In addition to the book site linked above, Roberts' personal site includes additional projects from Russia and elsewhere.

p.s. if anyone knows of a good survey of contemporary Russian photography I'd love to check it out.

Witching Hour

March 30, 2007

In literature the witching hour happens around midnight, but for the infants my wife and I produce, it's 6PM. At that hour Gabriel like his brother before him, regardless of being well fed, held by someone who loves him, and otherwise comfortable, begins to cry. But not just any crying, it's desperate crying, as if all sadness in the world were wrapped up in that little 12 pound bundle. He's inconsolable for about 90 minutes. Then as suddenly as it starts, it ends. The kid sleeps. Our first son outgrew this in a few months and we trust the second will follow. Of course we try all the standard calming techniques, but they have limited effect. [The only things that take a bit of the edge off are a mechanical swing, the one horrible baby device that passed through our 'no plastic baby crap' filter, and a pacifier. We are new to pacifiers (Raul Andres spit them out as if we had put garbage in his mouth), and Jenn doesn't like them either ("Yikes, makes him look like a little Hannibal Lector."), but whatever works, right? ]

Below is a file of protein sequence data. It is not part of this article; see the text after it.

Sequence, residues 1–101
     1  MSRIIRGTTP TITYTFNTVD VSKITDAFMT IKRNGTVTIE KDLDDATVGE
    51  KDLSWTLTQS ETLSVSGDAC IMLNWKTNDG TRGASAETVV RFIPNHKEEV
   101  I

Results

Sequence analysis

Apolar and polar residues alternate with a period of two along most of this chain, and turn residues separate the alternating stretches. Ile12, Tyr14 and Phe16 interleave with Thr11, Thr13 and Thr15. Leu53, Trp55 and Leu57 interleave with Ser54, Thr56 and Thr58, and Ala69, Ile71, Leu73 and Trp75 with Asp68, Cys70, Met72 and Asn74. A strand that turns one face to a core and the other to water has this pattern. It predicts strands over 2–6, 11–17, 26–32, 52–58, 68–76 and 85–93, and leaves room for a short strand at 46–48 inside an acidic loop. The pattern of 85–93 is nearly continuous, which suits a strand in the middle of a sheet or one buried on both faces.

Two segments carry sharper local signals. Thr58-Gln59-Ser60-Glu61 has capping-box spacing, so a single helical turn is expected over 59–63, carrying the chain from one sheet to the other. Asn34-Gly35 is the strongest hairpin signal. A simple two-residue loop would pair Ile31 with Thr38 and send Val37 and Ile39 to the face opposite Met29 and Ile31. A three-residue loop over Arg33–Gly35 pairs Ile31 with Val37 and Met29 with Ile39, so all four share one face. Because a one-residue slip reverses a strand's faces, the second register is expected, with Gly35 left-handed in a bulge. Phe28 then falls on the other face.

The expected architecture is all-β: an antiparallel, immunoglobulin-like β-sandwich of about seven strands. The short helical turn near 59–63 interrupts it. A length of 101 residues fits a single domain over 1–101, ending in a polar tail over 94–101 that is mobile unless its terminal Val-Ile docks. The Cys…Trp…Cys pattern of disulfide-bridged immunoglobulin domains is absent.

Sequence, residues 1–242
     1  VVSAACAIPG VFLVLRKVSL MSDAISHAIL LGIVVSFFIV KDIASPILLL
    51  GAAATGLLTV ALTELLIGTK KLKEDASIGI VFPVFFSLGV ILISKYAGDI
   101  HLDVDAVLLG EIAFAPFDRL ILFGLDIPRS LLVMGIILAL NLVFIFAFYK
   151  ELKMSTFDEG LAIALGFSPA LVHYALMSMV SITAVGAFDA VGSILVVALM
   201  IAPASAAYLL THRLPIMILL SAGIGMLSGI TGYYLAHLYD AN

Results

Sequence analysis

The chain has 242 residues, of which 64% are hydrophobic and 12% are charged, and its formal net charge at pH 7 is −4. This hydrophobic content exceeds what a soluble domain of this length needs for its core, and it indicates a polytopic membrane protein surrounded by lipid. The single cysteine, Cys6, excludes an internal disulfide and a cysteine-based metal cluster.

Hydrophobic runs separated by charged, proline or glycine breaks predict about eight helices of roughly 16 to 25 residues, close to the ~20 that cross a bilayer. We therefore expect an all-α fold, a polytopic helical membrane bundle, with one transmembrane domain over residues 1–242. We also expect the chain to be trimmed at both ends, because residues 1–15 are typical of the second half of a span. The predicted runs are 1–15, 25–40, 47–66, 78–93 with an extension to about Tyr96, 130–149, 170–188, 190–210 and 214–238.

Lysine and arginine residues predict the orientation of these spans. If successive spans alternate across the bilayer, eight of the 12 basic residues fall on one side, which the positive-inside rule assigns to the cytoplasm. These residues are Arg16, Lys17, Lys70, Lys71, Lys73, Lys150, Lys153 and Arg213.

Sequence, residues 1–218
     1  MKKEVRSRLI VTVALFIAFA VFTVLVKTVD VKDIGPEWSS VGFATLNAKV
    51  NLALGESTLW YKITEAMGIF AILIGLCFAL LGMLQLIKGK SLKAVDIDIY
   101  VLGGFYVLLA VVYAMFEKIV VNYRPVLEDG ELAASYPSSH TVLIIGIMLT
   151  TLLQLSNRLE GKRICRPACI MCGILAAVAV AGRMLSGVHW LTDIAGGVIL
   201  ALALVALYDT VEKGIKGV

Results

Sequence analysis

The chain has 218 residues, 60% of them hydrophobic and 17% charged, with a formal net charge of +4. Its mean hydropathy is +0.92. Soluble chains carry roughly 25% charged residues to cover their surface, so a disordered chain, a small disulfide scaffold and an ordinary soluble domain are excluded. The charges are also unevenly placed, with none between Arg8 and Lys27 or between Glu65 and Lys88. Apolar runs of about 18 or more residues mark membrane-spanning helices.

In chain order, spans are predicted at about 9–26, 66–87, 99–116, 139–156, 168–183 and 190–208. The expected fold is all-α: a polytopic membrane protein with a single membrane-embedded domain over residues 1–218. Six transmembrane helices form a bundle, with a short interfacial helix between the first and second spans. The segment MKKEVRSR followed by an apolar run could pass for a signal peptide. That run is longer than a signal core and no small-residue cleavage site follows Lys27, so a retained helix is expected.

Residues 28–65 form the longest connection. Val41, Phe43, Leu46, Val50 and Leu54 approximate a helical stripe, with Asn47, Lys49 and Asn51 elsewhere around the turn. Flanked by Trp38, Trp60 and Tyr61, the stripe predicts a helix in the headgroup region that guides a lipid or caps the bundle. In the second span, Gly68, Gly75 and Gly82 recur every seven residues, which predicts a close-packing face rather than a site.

Jenn blames the daily crying session on the baby's new and undeveloped digestive system, but my grandmother would have had another explanation were she alive. For her an inconsolable baby was obviously the work of someone who had given the child "mal ojo" (the evil eye). "It happened to you once," she would always tell me with a laugh.

Then she would explain that once she had forgotten to cover my face when we went out and the neighborhood fortune teller peeked and hated my blue gringo eyes. "You started to cry right there," my grandmother would recount, "and you cried through the night and into the next day and we couldn't do anything to help you."